March Reading Wrap UpMarch was a fairly middling month of reading for me. I completed eight books this month (not counting one book I didn’t finish) and most of what I read was average with a rating of a three, with one four star read, and ending strong with a five star read. I’m so glad to have ended March on a high note as I was starting to think I was on a streak of not picking the right books for me. That, combined with the weather finally starting to warm up, has me in a good mood with high hopes for what’s next!

Ready to see what I read and reviewed?

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5 Apps to Enhance Your Reading

5 Apps to Enhance Your Reading

I know there are many readers out there who only like to read print books. And I get it. There is something about the weight of the book and turning the pages that an electronic device just doesn’t have. But on the other hand, there is the incredible convenience factor of an e-reader in that you have access to so many books with just one lightweight device.

Today I’m taking this idea even a step further. Not only do I use (and love!) a nook, I also read on my phone quite a bit. And there are a variety of apps that I like to use. Of course, there are always the nook and kindle apps, which sync to your device if you have one, or you can even download to your phone for free without needing the actual device if you prefer. But in this post, I’d like to talk about five more specific apps that can enhance your reading life. (None of these are affiliate links in any way, they are all simply apps that I’ve used and liked personally.)

Ready to see them?

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5 Contemporary Books to Read This Spring

5 Contemporary Books to Read This Spring

I’ve said it before and I’ll say it again; I’m something of a seasonal mood reader. But that doesn’t mean that every season prompts the same mood. This particular season, as winter is slowly coming to a close, I’m feeling partial to picking up a good contemporary book.

Today, I’d like to share five contemporary novels that I love recommending for a variety of reasons. Some of these are lighter in tone and some deal with more serious themes. But they all stuck with me after finishing. These are all backlist books, published in 2018 or earlier, and are arranged from most recent release to the oldest. I hope at least one of them will work for you!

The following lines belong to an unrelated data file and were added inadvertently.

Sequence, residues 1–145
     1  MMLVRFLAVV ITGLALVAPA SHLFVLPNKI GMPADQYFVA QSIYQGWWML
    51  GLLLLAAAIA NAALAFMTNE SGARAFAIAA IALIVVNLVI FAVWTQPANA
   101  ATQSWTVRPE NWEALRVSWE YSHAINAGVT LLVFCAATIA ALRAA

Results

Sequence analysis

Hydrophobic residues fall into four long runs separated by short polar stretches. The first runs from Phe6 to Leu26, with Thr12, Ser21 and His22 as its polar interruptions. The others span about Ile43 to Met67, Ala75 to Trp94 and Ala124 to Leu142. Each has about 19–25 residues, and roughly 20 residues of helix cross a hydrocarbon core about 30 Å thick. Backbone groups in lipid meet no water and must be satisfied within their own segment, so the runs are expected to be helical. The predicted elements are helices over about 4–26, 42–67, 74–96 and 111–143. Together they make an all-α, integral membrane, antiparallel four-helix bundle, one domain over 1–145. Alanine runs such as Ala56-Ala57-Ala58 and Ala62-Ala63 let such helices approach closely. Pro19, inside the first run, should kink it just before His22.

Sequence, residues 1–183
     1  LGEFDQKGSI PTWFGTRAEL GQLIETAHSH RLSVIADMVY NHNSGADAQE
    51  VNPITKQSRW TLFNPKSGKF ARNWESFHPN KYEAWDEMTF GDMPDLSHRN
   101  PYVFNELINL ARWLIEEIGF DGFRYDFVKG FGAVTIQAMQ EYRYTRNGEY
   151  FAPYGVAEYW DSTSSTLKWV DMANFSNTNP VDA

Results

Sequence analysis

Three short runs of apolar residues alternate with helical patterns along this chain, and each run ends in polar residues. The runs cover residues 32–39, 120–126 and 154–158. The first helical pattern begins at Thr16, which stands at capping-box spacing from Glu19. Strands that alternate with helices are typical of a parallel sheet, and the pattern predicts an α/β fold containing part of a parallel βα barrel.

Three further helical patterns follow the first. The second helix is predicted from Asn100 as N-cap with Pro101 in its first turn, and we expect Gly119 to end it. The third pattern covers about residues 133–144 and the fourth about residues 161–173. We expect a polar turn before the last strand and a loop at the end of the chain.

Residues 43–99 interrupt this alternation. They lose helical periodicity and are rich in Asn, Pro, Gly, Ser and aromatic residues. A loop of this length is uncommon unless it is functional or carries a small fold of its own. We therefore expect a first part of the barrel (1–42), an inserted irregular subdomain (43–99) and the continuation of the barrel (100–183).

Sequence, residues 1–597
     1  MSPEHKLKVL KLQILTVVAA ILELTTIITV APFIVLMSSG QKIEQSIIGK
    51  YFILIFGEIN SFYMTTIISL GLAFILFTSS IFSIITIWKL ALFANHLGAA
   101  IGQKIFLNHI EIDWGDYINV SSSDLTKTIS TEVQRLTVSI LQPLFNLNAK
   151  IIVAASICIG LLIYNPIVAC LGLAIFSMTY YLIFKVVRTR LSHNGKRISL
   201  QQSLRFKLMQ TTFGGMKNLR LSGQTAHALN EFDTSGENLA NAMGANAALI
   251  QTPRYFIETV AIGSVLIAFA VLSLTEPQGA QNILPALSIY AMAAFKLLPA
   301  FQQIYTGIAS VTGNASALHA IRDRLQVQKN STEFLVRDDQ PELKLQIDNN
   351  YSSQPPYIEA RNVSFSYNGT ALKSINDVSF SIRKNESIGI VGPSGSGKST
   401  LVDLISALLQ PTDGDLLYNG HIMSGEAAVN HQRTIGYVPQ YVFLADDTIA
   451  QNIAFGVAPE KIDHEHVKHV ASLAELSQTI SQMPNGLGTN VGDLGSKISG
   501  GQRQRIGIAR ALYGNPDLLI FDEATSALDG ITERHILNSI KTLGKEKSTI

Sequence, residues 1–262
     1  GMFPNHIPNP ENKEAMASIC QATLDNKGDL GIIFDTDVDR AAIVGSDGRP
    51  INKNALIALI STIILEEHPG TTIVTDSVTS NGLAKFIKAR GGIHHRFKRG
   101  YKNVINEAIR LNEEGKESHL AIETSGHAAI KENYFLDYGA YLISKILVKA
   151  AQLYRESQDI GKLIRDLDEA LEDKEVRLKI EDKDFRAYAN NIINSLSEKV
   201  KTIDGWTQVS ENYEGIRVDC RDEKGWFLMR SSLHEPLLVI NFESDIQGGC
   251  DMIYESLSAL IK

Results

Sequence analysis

Ready to see my picks?

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February Reading Wrap Up

February Reading Wrap UpFebruary was a really good month for me overall! For starters, it’s my birthday month and I was able to celebrate with family and friends multiple times. And I read some really good books too!

I started the month out with a bang with a book I devoured and wound up rating a five. Most everything else I read was good to great for me, along with a reread of Harry Potter when I was in need of some comfort listening. I did come across one book that just didn’t keep my interest and wound up not finishing. But I’m trying to get better at putting books down when they don’t work for me, so I’m actually counting that as a win.

Ready to see what I read and reviewed?

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How do you react to dystopian fiction?

How do you react to dystopian fiction?I was catching up with a friend recently over dinner and our conversation turned to books (as it inevitably does with a book lover). When my friend asked what I’d been reading lately, I shared a bit about a book I was reading at the time that had me thoroughly intrigued and itching to discuss with someone.

That book was Vox, which posits a world in which women come to be allotted only 100 words per day. After sketching out the premise, I was ready to dive into conversation mode, but my friend blurted out, “That sounds horrifying! Who wrote this garbage, a man?!” And in that moment, I was stunned. Nothing I could say after that would persuade her to even think twice about the book.

This line of conversation started me thinking about the different reactions I’ve seen to dystopian fiction, so I wanted to take some time today to talk about them. To be clear, I’m specifically talking about reactions to the book’s concept and not necessarily its execution or whether the book was actually good or entertaining or even enjoyable. I’m sure there are plenty of other ways that readers respond to these types of stories, but these are the reactions I’ve come across most.

Who wrote this garbage? It must have been a *insert your descriptive here*

I’ve seen this particular reaction most when the book in question has a premise in which a particular people group is belittled, minimized, or shamed in some way. More often than not, the person I’ve seen react like this belongs to that people group, so I have to wonder if it just hit too close to home?

This isn’t realistic

I’ve come across this reaction most with readers that are new to the genre and didn’t quite know what to expect. Since dystopia is the opposite of a utopia and therefore inherently flawed and problematic, it’s understandable why someone might think this if they didn’t know to expect it going in.

It’s a cautionary tale

This is probably the reaction I see most. I expect because reading about a worst case scenario that feels nearly plausible in our current society can make someone sit up and take notice of the parallels.

So, I’m curious. What are your thoughts on dystopian fiction and how do you react to it as a genre? And does your response change depending on the premise of a particular book?